Optical Coherence Tomography (OCT), which can be carried out with a Sirius 713 Tomograph developed by 4Optics AG, uses near-infrared light penetrating at a depth of up to several millimeters that is reflected to generate cross-sectional images of the brain. Endoscopes could be used to reach glioblastoma tissues during OCT measurements. Different types of OCT endoscopes have been described, integrating side-viewing and forward viewing probes, different scanning mechanism, or being combined with other imaging modalities (Gora et al., 2017). Compared with other imaging techniques, OCT equipment presents the advantages of being relatively cheap while producing images with high axial (1–10 μm) and temporal (10−3 s) resolutions without needing any contrast agent. A study has compared OTC images obtained from healthy and GBM human brain tissues extracted from patients. Lower optical attenuation was found in cancer than non-cancer tissues, suggesting that OCT could discriminate between healthy and tumor tissues during a surgical GBM treatment (Kut et al., 2015).

Magnetic imaging systems

Intraoperative magnetic resonance imaging (iMRI) can be divided in two categories. A first type of iMRI developed by IMRIS (IMRISneuro), Philips (Ingenia MR-OR), GE healthcare (MR surgical Suite), Odin Medical Technologies (PoleStar magnet), Medtronic Navigation (PoleStar), is directly conceived to be used as iMRI. A second category of iMRI, commercialized by Hitachi Medical System (AIRIS I and II), Siemens Medical Solutions (Magnetom Open Viva), and BrainLAB (BrainSuite), consists in MRI, which have been modified and adapted to be useable in the operation room (OR). iMRI is used to identify GBM cell location during a surgical operation. It can be subcategorized as iMRI of low field strength (0.12–1.5 T), enabling relatively easy and fast real time imaging but without a high resolution, and iMRI of high field strength (1.5–3 T) that are more difficult to use during surgery due to a longer acquisition time, but provide brain tumor images with enhanced resolution. iMRI has been shown to strengthen the safety of surgical procedure by imaging healthy tissues, hence preventing their removal, to increase the percentage of tumor resection, and possibly rather modest improvement in GBM patient survival (Coburger et al., 2017; Fukui et al., 2017; Khan et al., 2017).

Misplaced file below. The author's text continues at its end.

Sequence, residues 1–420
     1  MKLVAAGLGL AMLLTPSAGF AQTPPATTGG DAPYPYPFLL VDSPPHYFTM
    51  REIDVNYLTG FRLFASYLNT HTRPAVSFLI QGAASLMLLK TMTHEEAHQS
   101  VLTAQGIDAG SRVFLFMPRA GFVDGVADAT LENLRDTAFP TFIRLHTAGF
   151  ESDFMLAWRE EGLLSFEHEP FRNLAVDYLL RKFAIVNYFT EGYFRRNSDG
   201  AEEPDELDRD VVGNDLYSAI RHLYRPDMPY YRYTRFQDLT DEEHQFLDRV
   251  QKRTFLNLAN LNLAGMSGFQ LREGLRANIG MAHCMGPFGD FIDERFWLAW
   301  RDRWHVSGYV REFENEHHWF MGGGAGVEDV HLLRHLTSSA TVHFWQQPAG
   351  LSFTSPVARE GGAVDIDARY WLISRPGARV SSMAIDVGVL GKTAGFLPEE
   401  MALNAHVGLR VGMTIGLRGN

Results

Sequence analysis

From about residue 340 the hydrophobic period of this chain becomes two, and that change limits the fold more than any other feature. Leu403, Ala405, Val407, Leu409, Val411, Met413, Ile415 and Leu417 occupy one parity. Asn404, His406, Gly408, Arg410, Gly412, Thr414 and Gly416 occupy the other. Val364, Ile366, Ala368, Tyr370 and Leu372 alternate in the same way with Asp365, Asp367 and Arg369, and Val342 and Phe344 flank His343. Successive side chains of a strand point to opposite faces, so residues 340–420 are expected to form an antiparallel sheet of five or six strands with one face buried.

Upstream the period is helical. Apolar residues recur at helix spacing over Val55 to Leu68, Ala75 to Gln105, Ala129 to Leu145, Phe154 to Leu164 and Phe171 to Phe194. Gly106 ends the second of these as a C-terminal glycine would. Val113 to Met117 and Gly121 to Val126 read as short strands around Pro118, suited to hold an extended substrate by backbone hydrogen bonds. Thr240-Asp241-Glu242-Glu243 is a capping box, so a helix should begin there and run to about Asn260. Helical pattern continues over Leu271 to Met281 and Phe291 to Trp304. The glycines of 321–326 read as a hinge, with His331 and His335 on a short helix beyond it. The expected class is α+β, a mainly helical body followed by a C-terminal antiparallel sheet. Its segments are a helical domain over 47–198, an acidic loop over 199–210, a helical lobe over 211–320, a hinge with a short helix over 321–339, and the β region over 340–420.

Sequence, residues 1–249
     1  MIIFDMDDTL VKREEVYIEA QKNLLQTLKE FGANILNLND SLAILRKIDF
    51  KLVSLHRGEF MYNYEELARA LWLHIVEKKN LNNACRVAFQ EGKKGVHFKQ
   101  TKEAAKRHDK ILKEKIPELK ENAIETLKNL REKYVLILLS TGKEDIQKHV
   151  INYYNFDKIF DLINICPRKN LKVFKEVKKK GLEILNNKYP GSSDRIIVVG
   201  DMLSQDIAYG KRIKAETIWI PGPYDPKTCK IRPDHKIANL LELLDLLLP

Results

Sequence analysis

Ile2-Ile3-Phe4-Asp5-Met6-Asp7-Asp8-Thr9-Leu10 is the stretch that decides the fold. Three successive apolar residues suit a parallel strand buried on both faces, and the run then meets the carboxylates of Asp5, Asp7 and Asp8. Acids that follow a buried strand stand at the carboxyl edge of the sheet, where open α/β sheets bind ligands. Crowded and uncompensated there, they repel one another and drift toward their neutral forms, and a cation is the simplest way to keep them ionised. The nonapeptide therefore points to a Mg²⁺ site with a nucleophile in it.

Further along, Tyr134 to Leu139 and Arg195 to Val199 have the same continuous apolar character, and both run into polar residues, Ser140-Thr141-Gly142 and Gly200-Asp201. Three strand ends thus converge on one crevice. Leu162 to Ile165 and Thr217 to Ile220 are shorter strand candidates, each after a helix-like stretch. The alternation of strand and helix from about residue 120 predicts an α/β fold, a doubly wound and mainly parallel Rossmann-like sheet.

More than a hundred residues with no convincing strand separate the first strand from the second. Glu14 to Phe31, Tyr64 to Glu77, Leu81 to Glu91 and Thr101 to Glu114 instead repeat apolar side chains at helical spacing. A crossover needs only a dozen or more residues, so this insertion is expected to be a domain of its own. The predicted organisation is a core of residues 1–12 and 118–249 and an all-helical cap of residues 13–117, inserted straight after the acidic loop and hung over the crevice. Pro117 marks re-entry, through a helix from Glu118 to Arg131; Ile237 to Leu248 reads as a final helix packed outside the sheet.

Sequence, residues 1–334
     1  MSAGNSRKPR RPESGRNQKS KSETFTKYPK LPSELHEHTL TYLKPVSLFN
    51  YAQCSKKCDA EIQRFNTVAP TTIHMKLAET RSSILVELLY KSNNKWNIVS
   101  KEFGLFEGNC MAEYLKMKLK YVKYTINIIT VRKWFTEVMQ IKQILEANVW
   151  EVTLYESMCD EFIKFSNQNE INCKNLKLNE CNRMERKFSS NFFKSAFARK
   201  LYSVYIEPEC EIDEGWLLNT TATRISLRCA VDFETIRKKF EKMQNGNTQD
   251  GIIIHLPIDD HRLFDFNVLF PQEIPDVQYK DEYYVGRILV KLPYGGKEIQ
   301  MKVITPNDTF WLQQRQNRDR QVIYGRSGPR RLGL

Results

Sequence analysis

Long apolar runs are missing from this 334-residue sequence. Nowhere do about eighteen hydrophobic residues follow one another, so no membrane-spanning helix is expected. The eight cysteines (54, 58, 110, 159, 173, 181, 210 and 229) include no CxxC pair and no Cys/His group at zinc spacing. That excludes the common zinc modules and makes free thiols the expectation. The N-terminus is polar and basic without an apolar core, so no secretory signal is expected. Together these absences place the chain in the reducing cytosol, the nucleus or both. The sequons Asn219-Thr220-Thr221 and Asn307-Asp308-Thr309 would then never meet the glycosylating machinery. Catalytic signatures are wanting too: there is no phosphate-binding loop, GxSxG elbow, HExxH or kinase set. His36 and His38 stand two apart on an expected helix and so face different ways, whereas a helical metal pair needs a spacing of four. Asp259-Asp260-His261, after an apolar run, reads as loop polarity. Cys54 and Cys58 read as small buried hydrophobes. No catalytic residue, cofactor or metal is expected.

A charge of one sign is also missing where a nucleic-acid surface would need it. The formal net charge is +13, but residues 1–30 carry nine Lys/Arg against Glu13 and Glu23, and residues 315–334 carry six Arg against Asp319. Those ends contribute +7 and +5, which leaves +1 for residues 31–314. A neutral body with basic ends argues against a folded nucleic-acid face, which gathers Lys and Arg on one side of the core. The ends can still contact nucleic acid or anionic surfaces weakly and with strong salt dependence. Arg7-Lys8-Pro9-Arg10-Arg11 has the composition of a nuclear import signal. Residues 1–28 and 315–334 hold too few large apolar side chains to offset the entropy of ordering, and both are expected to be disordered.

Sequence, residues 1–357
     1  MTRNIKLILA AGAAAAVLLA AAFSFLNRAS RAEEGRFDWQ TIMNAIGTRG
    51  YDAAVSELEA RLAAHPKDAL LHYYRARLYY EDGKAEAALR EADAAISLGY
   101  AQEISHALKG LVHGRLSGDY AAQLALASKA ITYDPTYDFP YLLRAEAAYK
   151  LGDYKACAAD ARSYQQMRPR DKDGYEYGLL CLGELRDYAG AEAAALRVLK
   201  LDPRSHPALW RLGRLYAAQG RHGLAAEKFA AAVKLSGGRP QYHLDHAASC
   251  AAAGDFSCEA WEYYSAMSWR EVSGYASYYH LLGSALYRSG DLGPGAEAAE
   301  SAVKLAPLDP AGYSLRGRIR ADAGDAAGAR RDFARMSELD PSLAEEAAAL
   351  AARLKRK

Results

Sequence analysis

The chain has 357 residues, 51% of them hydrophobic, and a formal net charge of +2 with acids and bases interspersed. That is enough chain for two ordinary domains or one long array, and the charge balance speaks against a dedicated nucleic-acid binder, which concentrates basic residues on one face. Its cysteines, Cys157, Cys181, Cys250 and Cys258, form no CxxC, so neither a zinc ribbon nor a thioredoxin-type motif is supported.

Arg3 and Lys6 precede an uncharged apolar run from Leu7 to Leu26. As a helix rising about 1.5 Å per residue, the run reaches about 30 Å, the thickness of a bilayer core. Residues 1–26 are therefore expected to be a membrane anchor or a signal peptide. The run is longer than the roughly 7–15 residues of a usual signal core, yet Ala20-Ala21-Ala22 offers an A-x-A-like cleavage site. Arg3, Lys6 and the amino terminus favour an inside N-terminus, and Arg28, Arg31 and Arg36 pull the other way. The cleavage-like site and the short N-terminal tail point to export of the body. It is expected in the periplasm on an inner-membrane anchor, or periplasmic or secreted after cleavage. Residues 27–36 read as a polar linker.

Functional Magnetic Resonance Imaging (fMRI) are commercialized by large companies that already sell standard MRI equipment, such as Siemens (Siemens 3-T Trio fMRI), Philipps (Achieva 3.0T X-series scanner combined with the Eloquence system), GE Healthcare (BrainWave). fMRI enables to acquire blood oxygen level dependent (BOLD) MRI scans of the brain and hence to detect metabolic changes and abnormalities that are induced by changes in brain oxygen concentration. It complements standard MRI imaging, which only provides morphological information of the cerebral cortex. fMRI is used during brain surgery to detect parts of the brain that need to be kept in place such as those responsible for the production of speech or comprehension, which cannot be seen with standard MRI (Salama et al., 2018).